Demetria Lucas D’Oyley
Video recording of Panama City, Fla., spring break at which gang rape occurred.
CBS Evening News, April 12, 2015, screenshot

Like many, I’ve been following the news story about a 19-year-old woman who was publicly gang-raped during spring break in Panama City, Fla. Dozens of people watched or recorded the incident, which is how it came to the attention of authorities who were investigating an unrelated crime in another state. The woman, who was semiconscious during the assault, alleges that she was drugged and has little recollection of the incident. So far, two men—both Troy University students—have been arrested.

Video of the assault, thankfully, isn’t publicly available—even though it’s only a matter of time before someone could post it online—but Bay County Sheriff Frank McKeithen described it as “the most disgusting, sickening thing I’ve ever seen.”

I’m horrified by this story, which is perhaps every woman’s worst nightmare, but I can’t say I’m surprised by most of it. The one thing that raises my (manicured) eyebrows is wondering, “How did this 19-year-old woman get left behind?” According to reports, she was found unconscious on a beach chair. Where were her friends? Surely she didn’t go to spring break alone, and that type of event usually isn’t a couples’ getaway. She had to have some girls. Where were they?

I’ve babysat my fair share of drunken friends (and to be fully transparent, in my early 20s, I also needed a babysitter on more occasions than I’m comfortable publicly admitting). It is beyond annoying to be with the friend who can’t hold her liquor and wants to act up or throw up or pass out. But two of the codes of womanhood and drinking are, “No woman left behind” and “We go together, we leave together.” Period.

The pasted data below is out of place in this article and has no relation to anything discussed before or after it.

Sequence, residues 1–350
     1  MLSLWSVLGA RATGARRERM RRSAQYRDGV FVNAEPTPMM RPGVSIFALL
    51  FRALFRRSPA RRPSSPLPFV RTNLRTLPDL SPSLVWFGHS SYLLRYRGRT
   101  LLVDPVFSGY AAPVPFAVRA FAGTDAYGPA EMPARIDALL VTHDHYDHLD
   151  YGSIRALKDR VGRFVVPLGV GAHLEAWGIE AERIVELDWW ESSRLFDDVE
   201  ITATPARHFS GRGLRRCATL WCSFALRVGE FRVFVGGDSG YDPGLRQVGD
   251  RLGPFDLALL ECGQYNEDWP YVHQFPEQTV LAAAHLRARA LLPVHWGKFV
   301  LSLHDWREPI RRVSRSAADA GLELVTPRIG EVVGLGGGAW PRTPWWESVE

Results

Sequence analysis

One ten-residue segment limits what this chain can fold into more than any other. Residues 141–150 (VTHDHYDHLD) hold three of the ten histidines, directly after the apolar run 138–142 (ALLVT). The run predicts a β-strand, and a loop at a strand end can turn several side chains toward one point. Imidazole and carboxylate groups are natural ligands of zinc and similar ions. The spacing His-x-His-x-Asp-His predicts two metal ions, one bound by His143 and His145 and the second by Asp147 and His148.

No one likes to spend the night in the venue bathroom, leave early and head back to hold someone’s head over the toilet, but everyone with sense does it to avoid what happened to this 19-year-old girl here. Who in their right minds let the drunken—or drugged—friend wander off or, worse, knew that she was out of it and parked her on a beach chair because they didn’t want to turn down yet?

This part of the story is shocking to me, but everything else? I’m sickened, saddened but, as I said, not surprised that it happened—nor that there were so many bystanders who did nothing. This assault is a worst-case scenario, but women being assaulted at spring-break destinations and other large gatherings for partygoers isn’t uncommon or new. At the events I’ve been to or, better, used to go to—note the past tense—I always felt that there was an undercurrent of sexual violence, an assault waiting to happen. I never felt that the other attendees were going to have my back. And that’s why I stopped going.